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Eldritch Moon Mechanics in Limited

Eldritch Mooooooon! It seems I may be turning into a werewolf—hold on a second…. okay, phew, back to normal. Which is good, because I have tons to talk about with the new EMN mechanics spoiled on the mothership earlier this week. Emrakul is enjoying this new Eldrazi-themed landscape, and I don’t really understand how anyone is even alive on the plane at all anymore, but what everyone really cares about is how these new abilities are going to affect them game in and game out. I’ve only seen a handful of new cards, but I want to go through the mechanics and discuss how they might change the draft landscape from triple SOI.

Meld

Meld is definitely the splashiest new mechanic. We’ve seen the B.F.M. (Big Furry Monster) but that card was mostly a joke. “Two cards stapled together” is very real now with EMN. I think the timing of when you’ll want to meld these creatures has some really nice strategic implications.

Graf Rats is a pretty unassuming 2/1 for 2, but that’s perfectly fine for trading off with opposing creatures or pecking (biting?) in for a little early damage. Midnight Scavengers is a little better since it’s just a bad Warren Pilferers on its own, and almost any type of Gravedigger has always been toward the top of black commons in any set.

This means that during the draft itself I’d expect to take the Scavengers early and pick up Graf Rats later to try and complete the puzzle. This also works because no one will really want the Rats without the Scavengers unless they just really need a 2-drop for curve purposes as it gets late in draft.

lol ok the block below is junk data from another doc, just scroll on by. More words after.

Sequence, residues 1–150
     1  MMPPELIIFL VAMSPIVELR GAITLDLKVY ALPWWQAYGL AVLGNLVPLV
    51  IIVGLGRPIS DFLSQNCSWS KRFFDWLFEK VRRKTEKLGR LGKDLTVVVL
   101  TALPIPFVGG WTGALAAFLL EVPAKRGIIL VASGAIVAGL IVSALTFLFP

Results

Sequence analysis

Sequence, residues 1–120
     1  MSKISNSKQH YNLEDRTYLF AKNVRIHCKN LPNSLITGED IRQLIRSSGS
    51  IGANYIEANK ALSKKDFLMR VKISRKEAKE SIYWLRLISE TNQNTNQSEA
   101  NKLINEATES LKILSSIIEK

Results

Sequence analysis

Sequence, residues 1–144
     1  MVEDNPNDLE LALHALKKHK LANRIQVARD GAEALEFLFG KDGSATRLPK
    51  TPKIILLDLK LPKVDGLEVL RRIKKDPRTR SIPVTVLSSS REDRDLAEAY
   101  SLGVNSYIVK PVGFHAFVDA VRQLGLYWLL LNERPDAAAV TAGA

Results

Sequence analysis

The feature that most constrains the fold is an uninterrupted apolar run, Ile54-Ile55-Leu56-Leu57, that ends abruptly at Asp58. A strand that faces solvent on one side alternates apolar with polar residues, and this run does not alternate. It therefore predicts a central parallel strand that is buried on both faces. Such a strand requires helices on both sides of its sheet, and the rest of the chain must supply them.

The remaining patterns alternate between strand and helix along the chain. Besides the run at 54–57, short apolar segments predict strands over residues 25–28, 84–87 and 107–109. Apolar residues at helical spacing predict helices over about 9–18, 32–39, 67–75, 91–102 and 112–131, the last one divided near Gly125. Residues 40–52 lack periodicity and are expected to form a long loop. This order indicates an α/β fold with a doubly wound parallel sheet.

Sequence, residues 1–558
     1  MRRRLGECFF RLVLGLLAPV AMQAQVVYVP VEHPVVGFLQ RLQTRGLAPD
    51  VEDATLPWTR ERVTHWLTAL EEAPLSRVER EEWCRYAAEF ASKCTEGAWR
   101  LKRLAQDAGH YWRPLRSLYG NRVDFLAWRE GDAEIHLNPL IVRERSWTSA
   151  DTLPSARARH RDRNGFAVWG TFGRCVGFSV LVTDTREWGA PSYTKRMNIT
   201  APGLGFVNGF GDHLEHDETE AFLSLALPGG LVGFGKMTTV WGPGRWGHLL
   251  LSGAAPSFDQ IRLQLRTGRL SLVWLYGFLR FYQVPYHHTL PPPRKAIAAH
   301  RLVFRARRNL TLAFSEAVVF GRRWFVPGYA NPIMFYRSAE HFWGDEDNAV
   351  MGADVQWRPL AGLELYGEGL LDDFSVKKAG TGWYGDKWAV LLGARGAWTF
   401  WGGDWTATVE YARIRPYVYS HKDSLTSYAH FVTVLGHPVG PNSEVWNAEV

Let’s say you do end up with 2 Rats and 2 Scavengers. When would you want to meld into the awesome Chittering Host? I figured meld would give insane payoff, and this one does, but it’s not an immediate 9/10 first strike, vigilance, flying, lifelink. Instead you want to go wide with the menace triggers on Chittering Host and use it as an overrun, or combine into a large creature when there’s relatively little risk.

The problem with melded creatures is that they become one creature and that opens you up to a world of 2-for-1s. I can imagine making a quick Chittering Host and attacking for 6, only to pass my turn and watch my opponent Reduce to Ashes it. With removal, you often have to make a choice whether to kill the current creature that’s causing you problems or wait for something better. In this case, the opponent knows something better is coming and can plan accordingly. This also differs from Werewolves since, if you have removal, you can kill that threat before it even flips, but by killing a melded creature, you’ll net card advantage instead so it behooves you to let your opponents meld their creatures when you have removal at the ready.

Okay, so you can get 2-for-1’d. Does that make Chittering Host bad? Absolutely not! As I was saying, both halves are at least playable, but my recommendation is that you navigate the meld subgame to a place where your opponent can’t gain an easy advantage from it. This means trading off your Graf Rats early and then sandbagging them after you return them with Midnight Scavengers until you have a clear opening, or at least one that will put your opponent so far behind that it’s worth getting 2-for-1’d.

Remember that tempo gains can often outweigh resource advantage and that if you time your meld correctly, it won’t matter if you end up down cards even if your opponent has the answer. The nice design on Chittering Host is that it has haste itself, so it plays perfectly with the plan of casting a precombat Rats at the last possible moment for a huge implied threat your opponent will have to respect. The more I think about it, the more this is like playing with and against Splinter Twin, but in Limited and toned down to a more reasonable level.